A friend recently told me that they’d received a job offer that was 12% more than their current employee salary. Then they told me it was contract work.
This spurred a conversation about income that software developers should understand.
Employee salary != Contractor Income
Let talk about being an employee first (US-Centric) and attribute a dollar value to everything:
+ Salary $90,000/yr + Company pays half of your social security tax and medicare tax (6.25% + 6.25% + 1.45% = 13% ~= $12,000/yr) + Healthcare benefits ($500+/mo, ~= $6,000/yr) + Sick days (5/yr @ $400/day ~= $2,000/yr) + Federal Holidays (10/yr @ $400/day ~= $4,000/yr) + Paid Time Off (10 days @ $400/day ~= $4,000/yr) + Company 401k retirement matching (up to 3% of salary/yr ~= $2,700/yr) + One software conference paid per year + 2 days paid * $400/day = $800 + Flight = $400 + Hotel = $500 + Conference Ticket = $400 + No equipment cost for employee = $123,425/yr Equivalent contractor income to $90,000 as employee
$90,000 is worth $123,425/yr when accounting for benefits.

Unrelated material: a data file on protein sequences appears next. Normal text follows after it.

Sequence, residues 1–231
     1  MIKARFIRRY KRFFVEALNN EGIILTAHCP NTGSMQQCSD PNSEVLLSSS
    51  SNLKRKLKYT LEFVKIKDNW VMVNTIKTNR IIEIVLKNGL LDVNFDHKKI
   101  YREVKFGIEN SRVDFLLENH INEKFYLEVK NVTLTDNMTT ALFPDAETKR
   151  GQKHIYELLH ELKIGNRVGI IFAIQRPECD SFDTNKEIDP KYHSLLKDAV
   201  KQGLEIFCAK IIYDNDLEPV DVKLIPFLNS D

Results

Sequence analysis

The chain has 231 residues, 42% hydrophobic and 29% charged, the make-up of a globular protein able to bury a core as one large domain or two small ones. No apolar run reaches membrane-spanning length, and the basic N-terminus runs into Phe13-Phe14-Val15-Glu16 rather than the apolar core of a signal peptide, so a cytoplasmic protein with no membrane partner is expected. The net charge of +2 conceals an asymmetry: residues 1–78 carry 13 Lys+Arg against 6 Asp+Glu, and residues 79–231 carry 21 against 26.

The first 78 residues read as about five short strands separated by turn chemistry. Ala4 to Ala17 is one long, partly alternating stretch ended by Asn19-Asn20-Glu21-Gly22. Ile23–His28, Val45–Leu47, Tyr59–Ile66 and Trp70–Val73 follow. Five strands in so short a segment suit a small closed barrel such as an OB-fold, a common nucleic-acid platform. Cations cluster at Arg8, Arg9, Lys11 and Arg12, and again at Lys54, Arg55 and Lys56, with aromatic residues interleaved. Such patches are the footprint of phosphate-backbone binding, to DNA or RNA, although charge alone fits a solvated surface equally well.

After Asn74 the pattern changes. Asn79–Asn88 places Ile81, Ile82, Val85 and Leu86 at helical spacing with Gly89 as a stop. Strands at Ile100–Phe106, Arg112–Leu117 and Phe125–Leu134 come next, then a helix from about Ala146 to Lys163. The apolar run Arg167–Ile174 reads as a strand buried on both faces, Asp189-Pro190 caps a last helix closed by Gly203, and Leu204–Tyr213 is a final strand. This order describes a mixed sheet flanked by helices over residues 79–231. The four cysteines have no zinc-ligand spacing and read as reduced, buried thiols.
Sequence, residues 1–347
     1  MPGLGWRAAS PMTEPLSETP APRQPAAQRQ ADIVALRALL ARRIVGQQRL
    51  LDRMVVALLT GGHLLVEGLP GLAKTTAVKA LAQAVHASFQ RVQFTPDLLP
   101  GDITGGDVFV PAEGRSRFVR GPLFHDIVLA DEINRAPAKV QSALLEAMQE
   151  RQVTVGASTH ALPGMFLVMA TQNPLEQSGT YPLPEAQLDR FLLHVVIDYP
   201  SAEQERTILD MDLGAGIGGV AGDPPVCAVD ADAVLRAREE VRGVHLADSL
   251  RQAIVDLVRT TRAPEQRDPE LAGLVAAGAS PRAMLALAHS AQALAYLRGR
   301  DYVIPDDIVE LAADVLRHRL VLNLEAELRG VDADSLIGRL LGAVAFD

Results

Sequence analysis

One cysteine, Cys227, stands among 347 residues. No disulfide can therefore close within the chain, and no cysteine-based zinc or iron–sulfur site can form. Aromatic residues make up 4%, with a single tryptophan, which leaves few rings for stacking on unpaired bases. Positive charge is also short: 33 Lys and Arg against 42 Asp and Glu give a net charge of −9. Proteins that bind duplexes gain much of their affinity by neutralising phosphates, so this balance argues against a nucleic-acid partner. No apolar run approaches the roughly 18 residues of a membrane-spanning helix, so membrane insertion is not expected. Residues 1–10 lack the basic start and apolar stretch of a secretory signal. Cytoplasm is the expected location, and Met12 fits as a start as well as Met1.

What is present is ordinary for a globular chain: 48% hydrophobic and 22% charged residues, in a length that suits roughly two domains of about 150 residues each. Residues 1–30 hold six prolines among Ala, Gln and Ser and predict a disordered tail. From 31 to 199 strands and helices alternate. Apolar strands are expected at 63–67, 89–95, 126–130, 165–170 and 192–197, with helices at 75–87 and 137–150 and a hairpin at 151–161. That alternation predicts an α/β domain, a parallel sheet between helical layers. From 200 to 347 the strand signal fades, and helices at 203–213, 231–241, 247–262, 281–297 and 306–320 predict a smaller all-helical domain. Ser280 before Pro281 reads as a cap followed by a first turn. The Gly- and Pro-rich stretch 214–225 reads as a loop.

So roughly, we can add 35% value to an employee income to get their contractor income.
Now imagine it from the other side if this friend accepted the contracting job for a 12% raise over their employee salary:
+ Income $100,800 - Healthcare $6,000 - Sick Days $2,000 - Holidays $4,000 - PTO $4,000 - Retirement matching $2,700 - Conference budget $2,100 - Equipment/office/cell/laptop $5,000+ == $75,000 equivalent employee salary
Yep, that’s an employee salary of $75,000 after paying for your own benefits.
Taking that job would be a loss of $15,000/yr, even with it being 12% more than employee salary, after factoring in lost benefits.
More things to consider
We did not take into account that employment can be more stable, depending on the laws of that state. We also ignored the benefits of contracting, such as running your own business, possible geographical flexibility, and excitement of working on new projects. These personal growth and lifestyle preferences can be thrown in as weighted values. How much are they worth?
Many of these calculations are based on http://rakkar.org/ContractPayCalculator.html. Thank you for clearly laying out the details of what needs to be accounted for in determining employee vs contractor income. To see a clojure re-implementation of the Js source of that website, checkout this gist: